Bar News - March 22, 2013
Board Reviews Bills, Insurance Agency Finances
By: Dan Wise
This article reports on both the Feb. 21 and the March 7 meetings of the NHBA Board of Governors.
At its Feb. 21 meeting, the NHBA Board of Governors received an update on the fast-moving legislative session. The Board reviewed and ratified NHBA Legislation Committee recommendations for advocacy or informational positions on more than 30 pieces of legislation, many of which do not appear likely to progress in a legislative session dominated by deliberations on the two-year state budget.
John MacIntosh, the Bar’s legislative representative, also reported that the Governor’s proposed budget includes a recommendation for two additional superior court judges and more. (See Court budget article.) The Board received updates on several ongoing efforts, including the Leadership Academy and the NH Supreme Court’s Access to Justice Commission, which on Feb. 19 released a report, funded by the NH Bar Foundation, detailing the gap between civil legal needs among poor people and the resources available to assist them. A second report, looking at the economic impact of legal services, also was released that day. (The economic impact report is described in an article. Both reports, along with summaries, are available on the New Hampshire Access to Justice Commission website.)
The legal needs assessment shows that the combined efforts of the state’s primary legal services providers – the NH Pro Bono Referral Program, NH Legal Assistance, and the Legal Advice & Referral Center – satisfied less than 6 percent of the need for legal help among low-income residents in 2010. That notwithstanding, New Hampshire has one of the higher pro bono participation rates in the country.
Appearing at the press conference Thursday, Feb. 21, were: Richard Uchida, chair of the Access to Justice Commission; former NH Supreme Court Chief Justice John Broderick, now the dean of UNH Law; Joseph Reilly, president and CEO of Centrix Bank, a longtime IOLTA Leadership Bank; and former state Senator Dr. James Squires, who is also the former president of Endowment for Health.
In other business, the NHBA Board approved a recommendation to forgive a portion of the debt owed by its wholly-owned subsidiary, the NHBA Insurance Agency, on a promissory note drawn to record total accumulated annual expenses greater than revenue. A portion of the agency’s annual expenses are overhead expenses paid to the Bar Association.
Russell Hilliard, chair of the Insurance Agency Board, said that while it was necessary for tax reasons and due to insurance regulations to create the agency as a for-profit subsidiary, its main aim is to provide a cost-effective benefit to Bar Association members. During its decade of service to date, the NHBA Insurance Agency has provided considerable services to members in the form of discounts and access to insurance expertise and advice, and information about other NHBA services, at costs lower than most other departments of the Association.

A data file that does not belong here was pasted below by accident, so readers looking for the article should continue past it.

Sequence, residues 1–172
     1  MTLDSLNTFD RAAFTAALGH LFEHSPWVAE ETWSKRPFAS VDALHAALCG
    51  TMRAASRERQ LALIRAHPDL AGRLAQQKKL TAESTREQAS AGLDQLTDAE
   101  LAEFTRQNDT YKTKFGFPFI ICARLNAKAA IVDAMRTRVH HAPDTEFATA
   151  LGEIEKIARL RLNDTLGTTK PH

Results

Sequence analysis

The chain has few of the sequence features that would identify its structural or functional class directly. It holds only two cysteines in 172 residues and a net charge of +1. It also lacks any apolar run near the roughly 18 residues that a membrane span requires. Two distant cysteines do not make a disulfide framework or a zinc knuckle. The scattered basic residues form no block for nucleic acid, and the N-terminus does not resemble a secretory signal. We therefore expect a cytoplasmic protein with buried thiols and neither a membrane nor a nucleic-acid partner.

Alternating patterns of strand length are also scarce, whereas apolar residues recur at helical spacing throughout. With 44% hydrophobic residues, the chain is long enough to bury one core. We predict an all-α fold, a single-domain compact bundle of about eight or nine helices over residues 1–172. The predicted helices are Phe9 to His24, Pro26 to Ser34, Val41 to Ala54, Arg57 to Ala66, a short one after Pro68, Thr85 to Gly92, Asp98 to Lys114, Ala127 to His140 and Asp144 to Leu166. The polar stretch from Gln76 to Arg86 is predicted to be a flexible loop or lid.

After discussion, the Board unanimously approved the recommendation for the Association to forgive a portion of the Agency debt in an amount equal to the accumulated net operating losses, with Hilliard and Peter Hutchins abstaining. The debt forgiveness will be reported as an expense on the Bar’s financial statements and as income on the Insurance Agency’s statements. Because the Agency is a subsidiary of the Bar and its statements are consolidated for reporting purposes, the net effect of the transaction will be zero on the consolidated financial statements issued by the auditors at the end of the fiscal year.
At the March 7 meeting, the Board received an update from NHBA President Larry Vogelman on the favorable response to an initial brainstorming session on ways the Bar Association can assist veterans, an initiative Vogelman wanted to launch during his year as president. A valuable connection has been made to Diane Levesque, justice outreach coordinator for the Veteran’s Administration Medical Center in Manchester, who recently hosted the first in what is hoped will be a series of legal clinics for veterans. There is also considerable enthusiasm about planning training programs on veterans’ legal issues (and resources available for veterans) for judges and attorneys. Also, a meeting was held with representatives of the UNH School of Law’s Social Justice Institute. The law school is seeking funding for post-graduate fellowships for its law graduates to work on public interest projects or with organizations, and the Bar’s veterans’ outreach project is a possible opportunity for a fellowship slot.
Christopher Regan, a governor-at-large, is co-chair of this year’s Civics in Action project which has targeted Kiwanis Clubs in NH for presentations. Jennifer Parent, who launched Civics in Action last year, has made the first presentation at the Concord Kiwanis, Regan reported.
NHBA Executive Director Jeannine McCoy reported that she is discussing a proposal with the ABA Division for Bar Services to conduct a strategic review and planning initiative involving legal community stakeholders, NHBA leaders, and NHBA professional staff that would culminate in a facilitated planning session in the fall. The goal would be to help the NHBA define its values and vision in accordance with its mission and develop strategic initiatives to meet those ends.